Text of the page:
Sure Squid server is a popular open source GPLd proxy and web cache. It has a variety of uses, from speeding up a web server by caching repeated requests, to caching web, name server query , and other network lookups for a group of people sharing network resources. It is primarily designed to run on Linux / Unix-like systems. Squid is a high-performance proxy caching server for Web clients, supporting FTP, gopher, and HTTP data objects. Unlike traditional caching software, Squid handles all requests in a single, non-blocking, I/O-driven process. Squid keeps meta data and especially hot objects cached in RAM, caches DNS lookups, supports non-blocking DNS lookups, and implements negative caching of failed requests. Squid consists of a main server program squid, a Domain Name System lookup program (dnsserver), a program for retrieving FTP data (ftpget), and some management and client tools.

Install Squid on CentOS / RHEL 5

Use yum command as follows:
# yum install squid
Output:

Loading "installonlyn" plugin
Setting up Install Process
Setting up repositories
Reading repository metadata in from local files
Parsing package install arguments
Resolving Dependencies
--> Populating transaction set with selected packages. Please wait.
---> Package squid.i386 7:2.6.STABLE6-4.el5 set to be updated
--> Running transaction check

Dependencies Resolved

=============================================================================
 Package                 Arch       Version          Repository        Size
=============================================================================
Installing:
 squid                   i386       7:2.6.STABLE6-4.el5  updates           1.2 M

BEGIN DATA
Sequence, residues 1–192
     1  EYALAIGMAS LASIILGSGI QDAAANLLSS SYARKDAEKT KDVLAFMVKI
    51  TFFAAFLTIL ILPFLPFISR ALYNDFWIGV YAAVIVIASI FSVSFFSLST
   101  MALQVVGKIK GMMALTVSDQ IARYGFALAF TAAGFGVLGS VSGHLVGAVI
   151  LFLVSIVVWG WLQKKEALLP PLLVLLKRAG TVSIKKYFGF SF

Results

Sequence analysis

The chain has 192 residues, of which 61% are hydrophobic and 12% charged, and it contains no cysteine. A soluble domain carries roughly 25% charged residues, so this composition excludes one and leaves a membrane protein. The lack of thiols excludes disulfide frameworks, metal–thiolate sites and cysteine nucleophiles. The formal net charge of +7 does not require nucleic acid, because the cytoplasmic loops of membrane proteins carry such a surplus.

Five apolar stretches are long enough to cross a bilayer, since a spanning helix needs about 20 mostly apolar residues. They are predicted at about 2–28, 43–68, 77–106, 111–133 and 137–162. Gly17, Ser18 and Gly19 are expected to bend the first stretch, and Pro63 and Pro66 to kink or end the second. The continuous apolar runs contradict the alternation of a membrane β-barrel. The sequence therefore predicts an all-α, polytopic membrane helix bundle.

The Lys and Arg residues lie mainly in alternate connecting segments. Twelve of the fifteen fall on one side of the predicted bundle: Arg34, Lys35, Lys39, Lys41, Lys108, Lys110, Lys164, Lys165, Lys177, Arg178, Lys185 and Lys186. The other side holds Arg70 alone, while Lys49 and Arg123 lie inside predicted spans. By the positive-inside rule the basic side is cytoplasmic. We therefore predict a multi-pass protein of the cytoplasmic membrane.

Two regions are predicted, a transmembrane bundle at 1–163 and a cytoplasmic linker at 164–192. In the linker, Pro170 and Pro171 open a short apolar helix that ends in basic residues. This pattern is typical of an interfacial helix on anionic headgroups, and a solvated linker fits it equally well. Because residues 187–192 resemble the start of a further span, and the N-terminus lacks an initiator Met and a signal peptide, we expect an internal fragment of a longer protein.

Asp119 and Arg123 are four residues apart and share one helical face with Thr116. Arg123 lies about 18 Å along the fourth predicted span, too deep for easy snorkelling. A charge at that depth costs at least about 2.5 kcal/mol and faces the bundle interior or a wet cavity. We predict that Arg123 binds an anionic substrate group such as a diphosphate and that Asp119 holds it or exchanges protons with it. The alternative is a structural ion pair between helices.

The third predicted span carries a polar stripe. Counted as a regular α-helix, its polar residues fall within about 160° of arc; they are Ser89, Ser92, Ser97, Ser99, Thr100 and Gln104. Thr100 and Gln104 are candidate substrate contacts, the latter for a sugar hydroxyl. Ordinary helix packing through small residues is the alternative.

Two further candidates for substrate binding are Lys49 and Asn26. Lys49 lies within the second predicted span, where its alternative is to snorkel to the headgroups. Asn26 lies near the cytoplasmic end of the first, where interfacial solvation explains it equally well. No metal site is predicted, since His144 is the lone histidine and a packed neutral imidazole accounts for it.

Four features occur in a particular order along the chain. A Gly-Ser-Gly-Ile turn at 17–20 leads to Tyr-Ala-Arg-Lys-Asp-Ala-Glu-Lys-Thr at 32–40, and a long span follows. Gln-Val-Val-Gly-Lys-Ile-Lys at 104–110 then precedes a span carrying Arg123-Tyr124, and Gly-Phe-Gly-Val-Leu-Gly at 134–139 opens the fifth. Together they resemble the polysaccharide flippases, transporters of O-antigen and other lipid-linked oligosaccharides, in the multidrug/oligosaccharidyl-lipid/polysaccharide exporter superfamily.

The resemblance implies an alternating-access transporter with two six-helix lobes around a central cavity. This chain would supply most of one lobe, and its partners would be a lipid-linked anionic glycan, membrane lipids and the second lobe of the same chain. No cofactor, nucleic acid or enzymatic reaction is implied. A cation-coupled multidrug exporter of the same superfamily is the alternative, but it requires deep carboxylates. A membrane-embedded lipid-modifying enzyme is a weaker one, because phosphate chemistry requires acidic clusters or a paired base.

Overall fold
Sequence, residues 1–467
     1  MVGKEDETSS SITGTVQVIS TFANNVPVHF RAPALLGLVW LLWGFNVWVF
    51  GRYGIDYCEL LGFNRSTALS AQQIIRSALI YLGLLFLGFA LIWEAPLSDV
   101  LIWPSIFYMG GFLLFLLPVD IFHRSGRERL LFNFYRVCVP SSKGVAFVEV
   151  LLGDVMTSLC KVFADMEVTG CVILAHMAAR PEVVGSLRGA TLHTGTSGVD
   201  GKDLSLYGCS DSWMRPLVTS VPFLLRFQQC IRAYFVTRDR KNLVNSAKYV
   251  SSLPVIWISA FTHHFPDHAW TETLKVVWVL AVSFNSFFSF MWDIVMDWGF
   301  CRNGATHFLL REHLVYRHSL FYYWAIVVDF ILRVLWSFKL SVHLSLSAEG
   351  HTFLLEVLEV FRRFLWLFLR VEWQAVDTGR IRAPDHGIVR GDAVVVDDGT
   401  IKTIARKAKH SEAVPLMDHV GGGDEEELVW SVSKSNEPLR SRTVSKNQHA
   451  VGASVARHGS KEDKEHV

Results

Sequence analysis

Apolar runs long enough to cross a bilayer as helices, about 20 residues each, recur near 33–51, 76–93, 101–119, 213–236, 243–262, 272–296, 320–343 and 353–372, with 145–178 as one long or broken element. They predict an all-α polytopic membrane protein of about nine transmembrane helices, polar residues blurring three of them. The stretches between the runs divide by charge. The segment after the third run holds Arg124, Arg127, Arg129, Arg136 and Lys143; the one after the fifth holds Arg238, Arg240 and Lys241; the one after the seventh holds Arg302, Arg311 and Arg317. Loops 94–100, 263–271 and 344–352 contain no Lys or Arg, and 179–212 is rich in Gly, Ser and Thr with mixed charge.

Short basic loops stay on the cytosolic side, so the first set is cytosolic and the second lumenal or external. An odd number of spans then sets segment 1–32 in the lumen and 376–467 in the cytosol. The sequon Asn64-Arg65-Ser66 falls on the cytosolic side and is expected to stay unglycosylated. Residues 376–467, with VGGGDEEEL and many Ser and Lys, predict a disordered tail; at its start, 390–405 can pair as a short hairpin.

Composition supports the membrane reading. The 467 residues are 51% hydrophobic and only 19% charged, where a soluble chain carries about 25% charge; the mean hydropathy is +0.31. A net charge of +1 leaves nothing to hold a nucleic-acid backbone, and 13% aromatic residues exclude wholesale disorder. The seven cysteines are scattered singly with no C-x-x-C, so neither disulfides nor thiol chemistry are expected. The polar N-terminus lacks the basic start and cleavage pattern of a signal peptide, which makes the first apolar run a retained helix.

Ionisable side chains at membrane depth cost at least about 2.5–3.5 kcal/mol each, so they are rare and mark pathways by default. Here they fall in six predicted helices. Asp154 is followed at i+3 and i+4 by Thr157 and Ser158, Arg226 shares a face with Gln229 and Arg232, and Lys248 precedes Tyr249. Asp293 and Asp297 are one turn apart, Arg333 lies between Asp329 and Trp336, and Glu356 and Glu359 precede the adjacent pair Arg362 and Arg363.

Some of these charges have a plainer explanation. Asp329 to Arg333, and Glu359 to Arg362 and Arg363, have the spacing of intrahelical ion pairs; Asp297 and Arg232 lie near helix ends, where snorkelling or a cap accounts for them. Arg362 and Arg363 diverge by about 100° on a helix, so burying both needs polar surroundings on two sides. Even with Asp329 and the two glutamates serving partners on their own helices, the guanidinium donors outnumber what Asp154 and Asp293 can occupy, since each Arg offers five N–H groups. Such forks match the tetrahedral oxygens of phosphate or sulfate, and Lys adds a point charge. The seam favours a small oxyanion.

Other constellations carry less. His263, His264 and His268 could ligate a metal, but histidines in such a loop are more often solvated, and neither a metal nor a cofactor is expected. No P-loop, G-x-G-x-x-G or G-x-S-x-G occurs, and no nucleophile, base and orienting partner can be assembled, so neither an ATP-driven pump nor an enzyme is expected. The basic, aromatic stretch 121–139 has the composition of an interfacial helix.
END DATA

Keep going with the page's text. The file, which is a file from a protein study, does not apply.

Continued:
Transaction Summary
=============================================================================
Install      1 Package(s)
Update       0 Package(s)
Remove       0 Package(s)

Total download size: 1.2 M
Is this ok [y/N]: y
Downloading Packages:
Running Transaction Test
Finished Transaction Test
Transaction Test Succeeded
Running Transaction
  Installing: squid                        ######################### [1/1]

Installed: squid.i386 7:2.6.STABLE6-4.el5
Complete!

Squid Basic Configuration

Squid configuration file located at /etc/squid/squid.conf. Open file using a text editor:
# vi /etc/squid/squid.conf
At least you need to define ACL (access control list) to work with squid. The defaults port is TCP 3128. Following example ACL allowing access from your local networks 192.168.1.0/24 and 192.168.2.0/24. Make sure you adapt to list your internal IP networks from where browsing should be allowed:
acl our_networks src 192.168.1.0/24 192.168.2.0/24
http_access allow our_networks

Save and close the file. Start squid proxy server:
# chkconfig squid on
# /etc/init.d/squid start

Output:

init_cache_dir /var/spool/squid... Starting squid: .       [  OK  ]

Verify port 3128 is open:
# netstat -tulpn | grep 3128
Output:

tcp        0      0 0.0.0.0:3128                0.0.0.0:*                   LISTEN      20653/(squid)

Open TCP port 3128

Finally make sure iptables is allowing to access squid proxy server. Just open /etc/sysconfig/iptables file:
# vi /etc/sysconfig/iptables
Append configuration:
-A RH-Firewall-1-INPUT -m state --state NEW,ESTABLISHED,RELATED -m tcp -p tcp --dport 3128 -j ACCEPT
Restart iptables based firewall:
# /etc/init.d/iptables restart
Output:

Flushing firewall rules:                                   [  OK  ]
Setting chains to policy ACCEPT: filter                    [  OK  ]
Unloading iptables modules:                                [  OK  ]
Applying iptables firewall rules:                          [  OK  ]
Loading additional iptables modules: ip_conntrack_netbios_n[  OK  ]

Client configuration

Open a webbrowser > Tools > Internet option > Network settings > and setup Squid server IP address and port # 3128.

See also

You may find our previous squid tips useful:

Squid Security and blocking content Related Tips

Squid Authentication Related Tips

Squid Other Tips

Howto: Redhat Enterprise Linux SELinux policy guide

Posted on in Categories CentOS, Howto, Linux, Linux distribution, RedHat/Fedora Linux, Security, Sys admin, Troubleshooting, Tuning last updated August 22, 2007